Presentation on theme: "Chapter 4 Evolution, Biodiversity, and Population Ecology"— Presentation transcript:
1Chapter 4 Evolution, Biodiversity, and Population Ecology
2This lecture will help you understand: Natural selectionHow evolution influences biodiversityReasons for species extinctionEcological organizationPopulation characteristicsPopulation ecology
3Striking gold in Costa Rica Golden toads were discovered in 1964, in Monteverde, Costa Rica.The mountainous cloud forest has a perfect climate for amphibians.200 golden toads were found in one area, 5 m (16.4 ft) in diameter.The area was protected as the Monteverde Cloud Forest Preserve.Unfortunately, the toads became extinct within 25 years.Due to global warming’s drying effect on the forest
4Evolution: the source of Earth’s biodiversity Biological evolution: genetic change in populations of organisms across generationsHas resulted in a lush world of millions of speciesMay be random, or directed by natural selectionNatural selection: the process by which traits that enhance survival and reproduction are passed on more frequently to future generations than those that do not
5Understanding evolution is vital We need to understand how organisms adapt to their environment and change over time.It is needed for ecology, a central component of environmental science.Relevant for agricultural, medicine, pesticide resistance, environmental health
6Natural selection shapes organisms In 1858, Darwin and Wallace both proposed natural selection as the mechanism of evolution.Organisms face a constant struggle to survive and reproduce.Organisms tend to produce more offspring than can survive.Individuals of a species vary in their characteristics.Some individuals are better suited to their environment and will survive and pass their genes on to their offspring.
7Genetic variationGenes of better-adapted individuals will be more prevalent than those of less well-adapted individuals in future generations.Adaptive trait (adaptation): a trait (characteristic) that promotes reproductive successMutations: accidental changes in DNA that may be passed on to the next generationNon-lethal mutations provide the genetic variation on which natural selection acts.Sexual reproduction, which involves recombination (the mixing of parental genes), also leads to variation.
8Evidence of natural selection is everywhere The results of natural selection are evident in every adaptation of every organism.Evident in experiments with bacteria and fruit fliesSelective breeding of animals that exaggerates preferred traits
9Artificial selectionArtificial selection: the process of selection conducted under human directionFor example, by allowing only like individuals to breed, breeders have created the great variety of dog breeds and crop plants.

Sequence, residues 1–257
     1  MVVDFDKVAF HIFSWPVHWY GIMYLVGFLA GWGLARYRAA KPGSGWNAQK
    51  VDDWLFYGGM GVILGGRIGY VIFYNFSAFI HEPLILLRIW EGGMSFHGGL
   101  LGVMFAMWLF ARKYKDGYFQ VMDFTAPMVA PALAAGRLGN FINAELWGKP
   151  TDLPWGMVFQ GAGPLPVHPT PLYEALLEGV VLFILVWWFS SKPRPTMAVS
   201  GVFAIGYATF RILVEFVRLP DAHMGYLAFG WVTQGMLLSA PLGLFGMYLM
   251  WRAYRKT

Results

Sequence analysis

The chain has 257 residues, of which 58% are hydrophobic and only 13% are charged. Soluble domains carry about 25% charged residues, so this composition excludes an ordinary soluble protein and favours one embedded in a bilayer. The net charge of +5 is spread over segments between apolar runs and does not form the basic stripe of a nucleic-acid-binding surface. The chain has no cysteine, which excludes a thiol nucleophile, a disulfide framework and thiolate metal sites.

10Evolution generates biodiversity Biological diversity (biodiversity): an area’s sum total of all organismsThe diversity of speciesTheir genesTheir populationsTheir communitiesPopulation: a group of individuals of a species that live in the same areaSpecies: a population or group of populations whose members share characteristics and can freely breed with one another and produce fertile offspring
11Speciation produces new types of organisms Speciation: the process of generating new speciesA single species can generate multiple speciesAllopatric speciation: species formation due to physical separation of populationsCan be separated by glaciers, rivers, mountains, etc.Over time, each population accumulates different mutationsPopulations can no longer interbreedThe main mode of species creation
12Speciation results in diverse life forms Speciation generates complex patterns of diversity above the species level.Phylogenetic trees: represents the history of species divergenceScientists can trace when certain traits evolved.Show relationships between species, populations, or genes
13Fossils help decipher life’s history Dead organisms are often buried by sediment, which can preserve the organism’s bones, shells, and teeth.Fossil: an imprint in stone of a dead organismFossil record: cumulative body of fossils worldwideGeologic processes over millions of years created assemblages of fossilized organisms.
14ExtinctionSpecies generally evolve from simple to complex and small to big, but the opposite can occur.Species survival depends on which species are favored by natural selection.Speciation is only part of the story; species also disappear.Extinction: the disappearance of a species from EarthAverage time a species spends on earth: 1–10 million yearsThe number of species in existence = speciation - extinction
15Some species are more vulnerable to extinction Extinction occurs when the environment changes too rapidly for natural selection to work.Many factors can cause extinction:Climate changeChanging sea levelsArrival of new, harmful speciesSevere weather (i.e., droughts)Specialized species and small populationsEndemic species: a species only exists in a certain areaVery susceptible to extinctionUsually have small populations (i.e., golden toad)
16Earth has had several mass extinctions Background extinction rate: extinction usually occurs one species at a timeMost historical extinctionsMass extinction events: 5 events in Earth’s history that killed off massive numbers of species at once50-95% of all species went extinct at one timeHumans are causing the sixth mass extinction event.Population growthDevelopmentResource depletionSpecies extinction due to human activities may be the single biggest environmental problem we face, because extinction is irreversible.
17Ecology is studied at several levels Ecology: the study of interactions among organisms and their environmentEcology and evolution are tightly intertwined.Biosphere: all living things on Earth and the areas they inhabitEcologists study relationships on many levels.